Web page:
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Single vs Dual Voice Coil: We Test Which Has Better Output

Last Updated on: July 10, 2024

If you’ve ever shopped for subwoofers, you probably encountered two speakers with identical specifications. However, one is labeled “Single,” while the other is “Dual.” These are both commonly used in car speakers, so you might assume they serve the same purpose.

That’s why…

We’re here to teach you the differences between an SVC and DVC and how you can use them to improve your car audio system.

Main Differences Between Single Vs. Dual Voice Coil

The main differences between single vs. dual voice coil are:

  • Single voice coil speakers have one winding coil, whereas dual voice coil speakers have two.
  • Dual voice call subwoofers are easier to configure, whereas single voice coils require much knowledge and experience
  • One SVC subwoofer can only be wired in one way, whereas one DVC subwoofer has two wiring options.

Voice Coil Defined

Let’s start with a quick science lesson.

A speaker creates sounds by moving air, precisely when the speaker cone moves up and down.

Inside the speaker, the voice coil is a section of thin copper wire wrapped around a heat-resistant cylinder, as you can see below.

Voice Coil

When an electric current (like the audio signal from your radio) runs through the coil, a magnetic field is produced. This creates north and south polar orientations.

The voice coil is surrounded by a permanent magnet with its own magnetic field. The two magnetic fields interact, causing the coil to move back and forth.

The moving coil presses and pulls against the cone, creating vibrations in front of the speaker.


Meanwhile, a DVC has two separate windings of copper wire. These two coils are intertwined, where you would see that they’re alternating if you went up the entire coil.

Additionally, a DVC has two positive and two negative terminals. You’ll usually see one with a 2, 4, or 8-ohm impedance rating.


Dual voice coils offer greater wiring flexibility because they have multiple impedance connections.

For example, a 4-ohm DVC sub can have its coils wired in a series connection, producing an 8-ohm load. On the other hand, parallel wiring creates a 2-ohm load.

In the previous example, you need two 4-ohm single voice coil subwoofers to achieve a 2-ohm load.

However, you only need one dual voice coil sub to do the same.

Additionally, multiple DVC subs can each be connected to a separate channel of a multiple-channel amplifier. This provides further flexibility to meet the total impedance required by your system.


Suppose you compare a single and dual voice coil speaker from the same brand. The latter is usually more expensive because of the extra coil.

Plus, a dual voice coil subwoofer can be confusing to connect, especially if you’re not experienced with audio components.


As the name suggests, an SVC has only one coil with only one positive and one negative terminal.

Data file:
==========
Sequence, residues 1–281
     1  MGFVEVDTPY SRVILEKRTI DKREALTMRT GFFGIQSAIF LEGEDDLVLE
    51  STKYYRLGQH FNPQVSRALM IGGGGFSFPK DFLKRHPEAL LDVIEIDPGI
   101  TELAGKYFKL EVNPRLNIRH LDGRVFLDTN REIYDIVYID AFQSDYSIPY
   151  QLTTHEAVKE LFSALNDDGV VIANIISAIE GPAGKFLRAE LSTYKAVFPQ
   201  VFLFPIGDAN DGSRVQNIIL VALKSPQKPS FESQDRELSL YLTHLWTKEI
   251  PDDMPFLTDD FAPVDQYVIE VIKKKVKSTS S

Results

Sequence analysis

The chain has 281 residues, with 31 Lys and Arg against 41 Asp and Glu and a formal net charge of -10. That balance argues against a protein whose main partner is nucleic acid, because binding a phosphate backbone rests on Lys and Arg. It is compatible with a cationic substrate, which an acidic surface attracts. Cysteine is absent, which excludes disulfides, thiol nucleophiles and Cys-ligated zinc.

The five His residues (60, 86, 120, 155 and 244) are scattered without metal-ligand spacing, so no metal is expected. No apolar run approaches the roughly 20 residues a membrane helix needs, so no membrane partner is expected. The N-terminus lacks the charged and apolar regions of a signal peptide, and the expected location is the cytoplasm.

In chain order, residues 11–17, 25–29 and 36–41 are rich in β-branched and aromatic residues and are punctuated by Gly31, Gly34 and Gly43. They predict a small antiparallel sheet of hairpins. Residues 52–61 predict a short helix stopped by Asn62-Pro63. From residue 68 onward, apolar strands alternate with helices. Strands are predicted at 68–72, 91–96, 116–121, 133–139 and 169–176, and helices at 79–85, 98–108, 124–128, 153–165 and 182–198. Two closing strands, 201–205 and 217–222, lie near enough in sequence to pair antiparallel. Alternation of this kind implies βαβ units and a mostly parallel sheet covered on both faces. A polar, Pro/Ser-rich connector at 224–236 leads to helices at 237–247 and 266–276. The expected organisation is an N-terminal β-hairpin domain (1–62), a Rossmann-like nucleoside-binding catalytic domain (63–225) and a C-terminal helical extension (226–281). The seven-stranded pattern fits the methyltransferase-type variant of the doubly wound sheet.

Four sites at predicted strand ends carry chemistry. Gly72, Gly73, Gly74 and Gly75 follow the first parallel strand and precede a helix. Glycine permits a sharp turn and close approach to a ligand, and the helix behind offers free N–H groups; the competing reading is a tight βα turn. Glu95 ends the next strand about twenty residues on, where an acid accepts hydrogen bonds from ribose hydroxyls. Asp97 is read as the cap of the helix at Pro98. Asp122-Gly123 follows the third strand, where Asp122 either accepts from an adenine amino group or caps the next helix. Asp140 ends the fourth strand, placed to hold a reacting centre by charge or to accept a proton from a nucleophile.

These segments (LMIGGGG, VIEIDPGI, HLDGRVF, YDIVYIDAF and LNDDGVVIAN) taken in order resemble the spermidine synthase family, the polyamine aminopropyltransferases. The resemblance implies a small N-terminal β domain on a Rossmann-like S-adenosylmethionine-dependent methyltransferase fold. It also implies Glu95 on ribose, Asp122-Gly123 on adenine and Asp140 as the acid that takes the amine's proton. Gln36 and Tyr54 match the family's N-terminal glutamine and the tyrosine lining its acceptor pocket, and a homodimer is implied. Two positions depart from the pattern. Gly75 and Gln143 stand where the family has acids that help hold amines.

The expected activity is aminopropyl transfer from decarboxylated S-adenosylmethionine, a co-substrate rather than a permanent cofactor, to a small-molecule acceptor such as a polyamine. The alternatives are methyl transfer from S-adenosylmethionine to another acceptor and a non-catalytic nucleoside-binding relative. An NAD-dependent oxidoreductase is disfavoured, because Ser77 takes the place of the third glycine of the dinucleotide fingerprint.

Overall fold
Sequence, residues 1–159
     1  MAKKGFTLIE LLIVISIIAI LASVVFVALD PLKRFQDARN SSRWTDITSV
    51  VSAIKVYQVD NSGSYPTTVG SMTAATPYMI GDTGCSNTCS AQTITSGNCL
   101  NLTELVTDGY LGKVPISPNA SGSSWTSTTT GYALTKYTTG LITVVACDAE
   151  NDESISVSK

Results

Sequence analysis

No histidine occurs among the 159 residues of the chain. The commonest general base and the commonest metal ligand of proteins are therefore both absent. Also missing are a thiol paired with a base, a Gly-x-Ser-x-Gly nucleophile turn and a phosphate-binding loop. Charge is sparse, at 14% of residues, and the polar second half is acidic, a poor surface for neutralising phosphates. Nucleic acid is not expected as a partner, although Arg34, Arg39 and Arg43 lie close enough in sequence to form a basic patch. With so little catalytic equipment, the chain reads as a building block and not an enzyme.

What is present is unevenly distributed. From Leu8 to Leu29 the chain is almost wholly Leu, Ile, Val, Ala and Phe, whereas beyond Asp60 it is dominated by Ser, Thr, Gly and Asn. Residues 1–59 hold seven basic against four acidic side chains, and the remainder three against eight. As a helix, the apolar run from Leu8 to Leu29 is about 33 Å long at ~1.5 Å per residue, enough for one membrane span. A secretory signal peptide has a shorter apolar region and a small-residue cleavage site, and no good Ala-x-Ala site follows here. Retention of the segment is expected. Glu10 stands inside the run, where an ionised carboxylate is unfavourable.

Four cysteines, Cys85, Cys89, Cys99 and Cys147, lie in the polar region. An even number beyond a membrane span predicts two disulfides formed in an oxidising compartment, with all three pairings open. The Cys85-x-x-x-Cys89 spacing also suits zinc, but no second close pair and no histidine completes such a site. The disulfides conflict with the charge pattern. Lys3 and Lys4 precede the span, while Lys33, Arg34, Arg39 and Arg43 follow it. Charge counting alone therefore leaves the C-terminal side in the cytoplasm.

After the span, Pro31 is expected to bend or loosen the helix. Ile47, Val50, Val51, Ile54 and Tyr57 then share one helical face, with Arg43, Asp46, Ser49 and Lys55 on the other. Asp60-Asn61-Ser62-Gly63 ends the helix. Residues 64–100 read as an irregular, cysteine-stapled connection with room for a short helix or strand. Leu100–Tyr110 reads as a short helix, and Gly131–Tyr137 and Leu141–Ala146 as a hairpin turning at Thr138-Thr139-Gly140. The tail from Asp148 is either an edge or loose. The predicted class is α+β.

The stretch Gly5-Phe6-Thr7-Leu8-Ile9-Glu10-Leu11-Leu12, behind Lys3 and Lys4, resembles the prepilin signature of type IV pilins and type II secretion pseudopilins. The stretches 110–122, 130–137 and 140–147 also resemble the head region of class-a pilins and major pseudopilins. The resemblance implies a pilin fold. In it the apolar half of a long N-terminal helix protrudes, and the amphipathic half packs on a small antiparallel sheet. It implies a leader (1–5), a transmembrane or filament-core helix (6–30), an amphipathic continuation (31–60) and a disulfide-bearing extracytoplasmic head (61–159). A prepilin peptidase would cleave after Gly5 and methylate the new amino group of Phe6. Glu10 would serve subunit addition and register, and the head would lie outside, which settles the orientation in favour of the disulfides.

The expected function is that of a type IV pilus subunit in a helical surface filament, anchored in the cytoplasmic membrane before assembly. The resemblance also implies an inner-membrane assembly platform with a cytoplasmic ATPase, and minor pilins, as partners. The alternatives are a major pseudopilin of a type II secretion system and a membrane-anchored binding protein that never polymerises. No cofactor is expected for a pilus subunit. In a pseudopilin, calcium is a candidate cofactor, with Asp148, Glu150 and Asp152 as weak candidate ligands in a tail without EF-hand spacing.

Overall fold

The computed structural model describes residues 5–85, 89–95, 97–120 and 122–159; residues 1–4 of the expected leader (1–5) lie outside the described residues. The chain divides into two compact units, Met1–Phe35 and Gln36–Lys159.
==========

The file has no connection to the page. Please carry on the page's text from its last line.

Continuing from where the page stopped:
A single voice coil subwoofer typically has 1, 2, or 4-ohm impedance, which is a measure of the opposition against the flow of electricity in the speaker.


An SVC is cheaper and easier to connect because there’s only one set of terminals.


A single voice coil sub has only one wiring option. For example, if your SVC has a 4-ohm specification, you can only wire it to have a 4-ohm load.

This limitation can be remedied by getting more speakers. Having another 4-ohm SVC now gives you two wiring options. For example, wiring them in a parallel connection now results in a 2-ohm load.

According to Ohm’s Law, less resistance results in a higher current (flow of electricity), considering that the voltage of the amplifier stays the same.

Given the equation P (Power) = Voltage x Current, a resistance of 2 ohms would result in more power than the original 4 ohms.

However, remember that more power isn’t always better. The ohm level should still match what your amplifier can handle.

Pro Auto Thought: Did you know that several speaker setups enhance your audio and music? Read our post here and tell us what you think — 2 Way vs 4 Way Speakers.

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Frequently Asked Questions

Are DVC subs better than SVC?

No. There’s no performance advantage between single and dual voice coil subwoofers – only the number of coils differs. The frequency response, power handling, volume specifications, and other features are usually identical for products of the same brand.

Is DVC louder than SVC?

No. However, the wiring options from a DVC can help you make the most of your amplifier’s power.

Do you have to hook up both voice coils?

Yes. In dual voice coil subs, you must hook up all the voice coils to avoid issues, such as audio distortion and unbalanced frequency response.


As you can see, there aren’t significant differences between an SVC and a DVC. These are simply options to choose from depending on the individual requirements of your audio system. You only need to worry about getting the right components and wiring them correctly. Of course, we recommend consulting a professional if you’re inexperienced.

That said, we hope our article helped you pick between single and dual voice coil subwoofers.

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